The primary outcome measure is mental distress as recorded by the GHQ-28. The GHQ-28 is a self-administered questionnaire commonly included in population surveys to identify persons with any psychiatric disorder (23, 24). A positive indication of mental distress on the GHQ-28 is highly correlated with a clinical rating of depression (r = 0.73 when the information from all four scales is combined) (23).
For this study, low weight for gestational age was defined as those at or below the lowest 10% of birth weights (within strata defined by week of gestational age, race, sex, and parity). Likewise, short length for gestational age was defined as those at or below the lowest 10% of birth lengths (within strata defined by week of gestational age, race, sex, and parity). Stratified birth weight and length were included as dichotomous measures to identify subjects most likely to have experienced some form of growth disruption prior to birth (25). Theoretically, combining these two measures result in the capacity to identify significant in utero growth disruption of the three distinct forms shown in Figure 1. Those who are short for gestational age alone or light for gestational age alone, represent two different forms of asymmetrical growth restriction. Those small for gestational age on both measures experienced symmetric growth restriction.
The full heterogeneity of birth size was captured by a categorical variable with the four mutually exclusive combinations of the indicators light weight for gestational age and short length for gestational age represented in Figure 1. For the remainder, the abbreviations noted in Figure 1 will be used to identify persons in each of the three growth restricted conditions. The presence of only low weight for gestational age is indicated by W-SGA. The presence of both simultaneously is indicated by W&L-SGA. The terms low weight for gestational age and short length for gestational age are used in a more traditional sense. “Low weight for gestational age” denotes subjects with the lowest 10% of all birthweights (within strata defined by gestational age, race, sex, and parity), regardless of birth length. “Short length for gestational age” denotes subjects with the lowest 10% of all birth lengths (within strata defined by gestational age, race, sex, and parity), regardless of birth weight.
To estimate change in weight for height from birth to age 7.5 years we used a two step process. First, for each individual we estimated weight, adjusted for height, using a multiple linear regression of weight on height. This process was repeated for each of the four periods of measurement from birth to 7.5 years. In a separate analysis, using the adjusted weight scores as the dependent variable, we examined trajectories of weight for height growth over time. From the best fitting growth analysis we derived categorical variables of change in weight for height for the periods spanning birth to age 1 and birth to age 7.5. This process allowed for the imputation of missing growth information and accounted for the variability of timing of measure for anthropometric measures.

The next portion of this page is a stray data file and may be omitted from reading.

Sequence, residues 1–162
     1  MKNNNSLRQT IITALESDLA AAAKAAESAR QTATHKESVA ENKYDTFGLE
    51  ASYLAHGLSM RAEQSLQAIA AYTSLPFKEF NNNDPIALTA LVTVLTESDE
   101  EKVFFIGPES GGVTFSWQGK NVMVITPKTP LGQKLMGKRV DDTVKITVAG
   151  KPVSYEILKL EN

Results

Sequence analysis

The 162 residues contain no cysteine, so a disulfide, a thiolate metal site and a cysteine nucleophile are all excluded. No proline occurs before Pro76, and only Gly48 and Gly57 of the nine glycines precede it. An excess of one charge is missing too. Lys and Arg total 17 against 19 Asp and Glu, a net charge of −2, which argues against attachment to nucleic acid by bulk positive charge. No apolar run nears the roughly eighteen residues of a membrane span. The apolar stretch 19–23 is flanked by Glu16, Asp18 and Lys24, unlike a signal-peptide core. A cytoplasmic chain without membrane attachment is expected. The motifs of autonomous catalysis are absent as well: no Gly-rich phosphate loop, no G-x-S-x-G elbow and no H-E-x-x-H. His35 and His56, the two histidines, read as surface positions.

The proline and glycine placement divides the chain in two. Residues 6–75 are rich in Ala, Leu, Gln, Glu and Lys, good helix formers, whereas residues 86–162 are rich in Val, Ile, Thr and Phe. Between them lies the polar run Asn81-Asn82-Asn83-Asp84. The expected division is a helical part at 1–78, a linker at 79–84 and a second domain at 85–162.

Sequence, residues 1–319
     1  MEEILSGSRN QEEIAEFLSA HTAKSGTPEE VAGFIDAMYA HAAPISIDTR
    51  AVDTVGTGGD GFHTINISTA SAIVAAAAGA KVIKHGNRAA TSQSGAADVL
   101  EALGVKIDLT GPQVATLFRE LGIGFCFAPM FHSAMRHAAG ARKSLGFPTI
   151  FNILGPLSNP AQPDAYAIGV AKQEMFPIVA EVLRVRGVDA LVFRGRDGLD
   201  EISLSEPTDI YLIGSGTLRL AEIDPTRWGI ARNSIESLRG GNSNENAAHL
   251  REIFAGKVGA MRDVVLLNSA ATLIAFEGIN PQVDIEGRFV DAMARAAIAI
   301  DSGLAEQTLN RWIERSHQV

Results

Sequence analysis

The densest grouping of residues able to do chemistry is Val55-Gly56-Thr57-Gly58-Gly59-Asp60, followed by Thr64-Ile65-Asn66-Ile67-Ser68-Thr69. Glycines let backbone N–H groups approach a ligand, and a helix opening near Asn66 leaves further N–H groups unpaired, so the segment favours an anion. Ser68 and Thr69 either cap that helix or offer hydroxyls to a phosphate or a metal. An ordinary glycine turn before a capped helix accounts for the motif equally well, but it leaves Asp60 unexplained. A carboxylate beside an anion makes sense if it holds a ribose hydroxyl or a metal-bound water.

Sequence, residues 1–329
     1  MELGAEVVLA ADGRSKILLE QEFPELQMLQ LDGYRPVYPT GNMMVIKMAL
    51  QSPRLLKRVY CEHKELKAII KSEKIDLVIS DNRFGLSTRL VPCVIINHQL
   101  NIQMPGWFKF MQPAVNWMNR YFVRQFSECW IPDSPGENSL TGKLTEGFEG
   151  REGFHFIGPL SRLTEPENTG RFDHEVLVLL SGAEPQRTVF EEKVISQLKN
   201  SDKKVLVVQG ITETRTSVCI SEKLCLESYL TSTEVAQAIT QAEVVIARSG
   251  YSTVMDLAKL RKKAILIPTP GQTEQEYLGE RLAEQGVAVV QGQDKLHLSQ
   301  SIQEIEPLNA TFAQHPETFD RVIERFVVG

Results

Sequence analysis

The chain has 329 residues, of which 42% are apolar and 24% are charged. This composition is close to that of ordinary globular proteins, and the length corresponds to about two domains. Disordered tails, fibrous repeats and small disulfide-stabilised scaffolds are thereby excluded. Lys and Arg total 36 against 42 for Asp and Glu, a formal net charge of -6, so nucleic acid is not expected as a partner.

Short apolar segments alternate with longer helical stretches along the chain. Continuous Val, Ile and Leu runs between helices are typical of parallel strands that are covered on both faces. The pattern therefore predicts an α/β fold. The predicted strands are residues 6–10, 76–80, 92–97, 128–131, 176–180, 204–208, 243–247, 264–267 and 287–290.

Multiple logistic regression models were used to test whether adult mental distress is related to birth size, growth from birth to ages 1 or 7, or an interaction of the factors. An initial comparison model of explanatory variables was selected based on the unadjusted odds ratios presented in Table 1, and the current literature. In order to test the relative contributions of weight, length, weight for height growth, and their interactions, each term or combination of terms were added to the base model. The relative contributions of the added terms were then tested by comparison to the base model.
In the most appropriate logistic regression model (Table 2), slow weight for height gains to age 7.5 years decreased the likelihood of adult mental distress among term infants without the combination of short length and low weight for gestational age (W&L-SGA) (OR = 0.71, 95% CI = 0.50 | 0.995), all else held constant. Among the other lower order growth terms associated with an interaction term, none were significantly associated with adult mental distress.
Table 2. Final multiple logistic regression model of the relationship between early growth and later mental distress.
Weight for height growth was a significant predictor of mental distress when considered among groups with a priming condition at birth, such as low weight for gestational age. Subjects with W-SGA and normal growth to age 1 year were three times more likely to experience mental distress in adulthood, compared to all subjects with normal growth to age 1 year (OR = 3.30, 95% CI = 1.61 | 6.78), after controlling for early life and adult covariates. Subjects with W-SGA and strong growth to age 1 were less likely to experience adult mental distress, compared to W-SGA with normal growth (ROR = 0.27, 95% CI = 0.10 | 0.74) after controlling for early life and adult covariates.
Those born with low weight and length for gestational age (W&L-SGA) are a distinct subgroup of those born small for gestational age, and have unique patterns of risk for adult mental distress when early growth is considered. W&L-SGA subjects with normal growth to age 7.5 years were no more likely to experience adult mental distress than non-W&L-SGA subjects with normal growth. However, after controlling for birth and adult covariates, W&L-SGA subjects were more likely to have mental distress if they experienced any subsequent deviation in weight for height gains to age 7.